Jim and A.Ron review each week's episode of HBO's Game of Thrones and your feedback.
Manage episode 274661293 series 2664470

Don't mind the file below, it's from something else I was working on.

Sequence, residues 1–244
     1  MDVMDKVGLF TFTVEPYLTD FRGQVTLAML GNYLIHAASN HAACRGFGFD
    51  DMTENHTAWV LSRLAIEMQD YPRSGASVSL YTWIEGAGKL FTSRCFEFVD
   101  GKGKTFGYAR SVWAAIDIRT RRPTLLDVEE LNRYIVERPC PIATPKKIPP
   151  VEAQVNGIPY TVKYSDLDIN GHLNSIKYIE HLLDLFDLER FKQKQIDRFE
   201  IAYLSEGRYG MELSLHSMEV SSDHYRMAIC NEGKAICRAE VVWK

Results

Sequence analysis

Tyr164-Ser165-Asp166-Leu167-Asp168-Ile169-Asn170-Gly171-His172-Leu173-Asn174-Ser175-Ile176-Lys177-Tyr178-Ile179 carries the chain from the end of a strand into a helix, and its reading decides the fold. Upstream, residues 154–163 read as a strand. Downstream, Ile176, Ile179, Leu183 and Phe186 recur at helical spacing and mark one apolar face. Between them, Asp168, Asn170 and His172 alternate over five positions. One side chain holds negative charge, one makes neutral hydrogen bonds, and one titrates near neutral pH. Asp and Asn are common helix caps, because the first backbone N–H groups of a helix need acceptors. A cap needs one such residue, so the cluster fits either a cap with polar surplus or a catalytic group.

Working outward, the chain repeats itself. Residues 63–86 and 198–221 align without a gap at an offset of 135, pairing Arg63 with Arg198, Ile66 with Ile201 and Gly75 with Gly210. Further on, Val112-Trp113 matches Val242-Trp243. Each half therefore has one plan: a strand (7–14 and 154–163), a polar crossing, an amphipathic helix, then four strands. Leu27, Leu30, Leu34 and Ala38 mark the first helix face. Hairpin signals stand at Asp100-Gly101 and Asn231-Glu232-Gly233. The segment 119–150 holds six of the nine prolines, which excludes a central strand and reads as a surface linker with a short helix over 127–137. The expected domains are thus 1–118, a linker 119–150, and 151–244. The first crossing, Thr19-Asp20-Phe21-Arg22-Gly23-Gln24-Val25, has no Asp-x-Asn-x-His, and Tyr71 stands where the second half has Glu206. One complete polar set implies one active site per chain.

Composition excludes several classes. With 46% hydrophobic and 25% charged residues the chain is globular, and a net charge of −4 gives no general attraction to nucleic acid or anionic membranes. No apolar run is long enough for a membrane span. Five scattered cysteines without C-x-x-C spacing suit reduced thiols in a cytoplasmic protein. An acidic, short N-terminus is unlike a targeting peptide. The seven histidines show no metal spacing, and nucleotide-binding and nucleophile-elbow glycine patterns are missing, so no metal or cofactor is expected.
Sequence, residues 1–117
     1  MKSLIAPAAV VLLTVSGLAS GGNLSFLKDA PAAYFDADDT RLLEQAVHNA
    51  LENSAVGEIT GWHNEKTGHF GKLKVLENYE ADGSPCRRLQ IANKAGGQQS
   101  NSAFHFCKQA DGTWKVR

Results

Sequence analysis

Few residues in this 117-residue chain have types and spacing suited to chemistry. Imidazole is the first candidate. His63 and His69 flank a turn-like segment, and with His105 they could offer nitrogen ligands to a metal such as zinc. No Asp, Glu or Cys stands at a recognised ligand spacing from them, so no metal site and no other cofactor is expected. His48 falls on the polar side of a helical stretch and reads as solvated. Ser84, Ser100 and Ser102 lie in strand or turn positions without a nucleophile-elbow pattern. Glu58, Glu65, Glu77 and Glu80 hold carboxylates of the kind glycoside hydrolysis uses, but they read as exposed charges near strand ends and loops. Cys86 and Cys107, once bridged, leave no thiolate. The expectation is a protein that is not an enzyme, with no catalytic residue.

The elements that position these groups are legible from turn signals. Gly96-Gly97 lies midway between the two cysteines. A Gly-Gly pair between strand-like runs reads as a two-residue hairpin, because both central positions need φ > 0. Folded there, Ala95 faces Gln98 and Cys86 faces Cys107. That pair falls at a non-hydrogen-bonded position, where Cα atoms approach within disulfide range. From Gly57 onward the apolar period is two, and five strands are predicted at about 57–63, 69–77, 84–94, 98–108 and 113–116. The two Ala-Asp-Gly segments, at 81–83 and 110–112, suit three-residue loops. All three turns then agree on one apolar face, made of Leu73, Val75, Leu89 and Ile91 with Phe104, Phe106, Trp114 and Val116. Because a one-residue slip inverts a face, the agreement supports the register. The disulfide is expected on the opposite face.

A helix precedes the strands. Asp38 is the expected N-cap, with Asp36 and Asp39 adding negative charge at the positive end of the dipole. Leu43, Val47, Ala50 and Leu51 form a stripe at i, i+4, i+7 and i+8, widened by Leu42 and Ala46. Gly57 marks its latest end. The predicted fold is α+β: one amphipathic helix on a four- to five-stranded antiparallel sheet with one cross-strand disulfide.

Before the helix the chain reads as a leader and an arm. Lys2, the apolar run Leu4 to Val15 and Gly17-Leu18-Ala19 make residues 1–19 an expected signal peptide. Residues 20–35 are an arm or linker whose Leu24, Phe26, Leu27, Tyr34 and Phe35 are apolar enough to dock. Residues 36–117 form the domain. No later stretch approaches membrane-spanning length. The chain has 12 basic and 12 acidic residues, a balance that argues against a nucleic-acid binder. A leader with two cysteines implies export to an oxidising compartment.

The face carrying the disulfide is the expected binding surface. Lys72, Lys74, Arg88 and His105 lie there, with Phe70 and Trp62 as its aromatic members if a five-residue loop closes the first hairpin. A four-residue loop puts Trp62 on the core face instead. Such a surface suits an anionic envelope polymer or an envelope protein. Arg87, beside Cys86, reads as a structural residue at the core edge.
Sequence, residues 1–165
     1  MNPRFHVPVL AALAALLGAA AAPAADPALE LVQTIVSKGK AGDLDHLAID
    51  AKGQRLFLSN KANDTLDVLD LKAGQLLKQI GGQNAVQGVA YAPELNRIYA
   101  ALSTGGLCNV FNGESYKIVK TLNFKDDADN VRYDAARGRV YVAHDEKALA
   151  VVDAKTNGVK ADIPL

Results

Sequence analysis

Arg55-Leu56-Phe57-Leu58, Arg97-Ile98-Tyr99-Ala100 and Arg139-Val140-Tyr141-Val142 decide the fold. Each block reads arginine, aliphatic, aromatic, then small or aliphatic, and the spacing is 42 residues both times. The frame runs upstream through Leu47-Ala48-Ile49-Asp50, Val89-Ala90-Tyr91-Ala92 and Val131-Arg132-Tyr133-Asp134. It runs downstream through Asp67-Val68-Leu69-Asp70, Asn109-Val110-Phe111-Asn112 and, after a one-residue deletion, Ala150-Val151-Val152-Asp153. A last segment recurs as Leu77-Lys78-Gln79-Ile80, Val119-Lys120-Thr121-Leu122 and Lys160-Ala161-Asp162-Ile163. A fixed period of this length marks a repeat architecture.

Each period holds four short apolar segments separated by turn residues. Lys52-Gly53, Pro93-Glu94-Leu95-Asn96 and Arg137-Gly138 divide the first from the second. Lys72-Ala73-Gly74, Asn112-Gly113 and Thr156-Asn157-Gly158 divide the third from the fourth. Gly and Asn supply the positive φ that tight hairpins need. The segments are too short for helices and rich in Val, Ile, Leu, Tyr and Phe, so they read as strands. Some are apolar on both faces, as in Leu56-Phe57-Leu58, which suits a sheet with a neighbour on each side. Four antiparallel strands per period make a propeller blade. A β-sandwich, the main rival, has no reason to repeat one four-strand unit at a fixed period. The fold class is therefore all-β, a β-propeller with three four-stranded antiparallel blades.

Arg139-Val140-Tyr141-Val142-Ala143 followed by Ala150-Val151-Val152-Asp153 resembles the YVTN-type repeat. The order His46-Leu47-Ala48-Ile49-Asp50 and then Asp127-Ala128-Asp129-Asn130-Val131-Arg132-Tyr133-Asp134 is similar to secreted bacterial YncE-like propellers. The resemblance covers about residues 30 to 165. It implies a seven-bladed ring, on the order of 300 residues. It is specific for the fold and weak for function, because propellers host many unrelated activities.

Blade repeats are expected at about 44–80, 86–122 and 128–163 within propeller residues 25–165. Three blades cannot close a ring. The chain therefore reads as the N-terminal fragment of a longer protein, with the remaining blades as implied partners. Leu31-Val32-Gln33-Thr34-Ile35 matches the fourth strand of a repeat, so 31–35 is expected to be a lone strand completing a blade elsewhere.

In this episode we turn our attention to a 1995 adaptation (and for Andy’s money the best adaptation) of Jane Austen’s Persuasion. It stars Amanda Root, best known for the reboot of The Forsyte Saga, as Anne Elliot who is apparently already an ‘old maid’ at 27! Ciaran HInds (Game of Thrones’ Mance Rayder) plays dashing Captain Wentworth, whose marriage proposal Anne previously turned down due to the interference of Susan Fleetwood’s Lady Russell. Also among the sterling cast are Killing Eve’s Fiona Shaw as Mrs Croft, everyone’s favourite Marshal of Atrios, John Woodvine as Admiral Croft, Sophie Thompson as Mary Musgrove, Corin Redgrave as Sir Walter Elliot, Phoebe Nicholls as Elizabeth Elliot, and Samuel West as Mr Elliot. There are also some lovely roles for Judy Cornwell, David Collings, and Robert Glenister, and there’s not a duff performance anywhere. Andy gives the production a ‘6’ on a new scale he has created to judge Austen adaptations: The Bonnet Scale. This by the way is good score on said scale. A 6 means its not too bonnety - not too chocolate box and hearts and flowers, it having something valuable and realistic to say about the historical period as well as being a heartwarming story of unrequited love. It’s Martin’s first watch of this adaptation or even much of 'crisis in corsets' TV but he likes what he sees. In fact he watched it twice in preparation for this podcast. Andy is reminded of his A-Levels and studying the novel for English, but thankfully he does not read out his lengthy essay from 1989 about Louisa’s all important accident at the Cobb! Andy also reveals the reason for his lifelong hatred of Bath, where it always rains. Talking of rain, ee also consider the importance of umbrellas in period drama. And after 31 years Andy finally discovers why the name Captain Wentworth has always sounded vaguely familiar to him. TV fans will not be disappointed. We hope you continue to enjoy our little journey through the British television archives and to almost quote Mary Musgrove: “We’re very sorry if our podcast is insufficiently grand for you!” Next Time: A Question of Attribution (by Alan Bennett)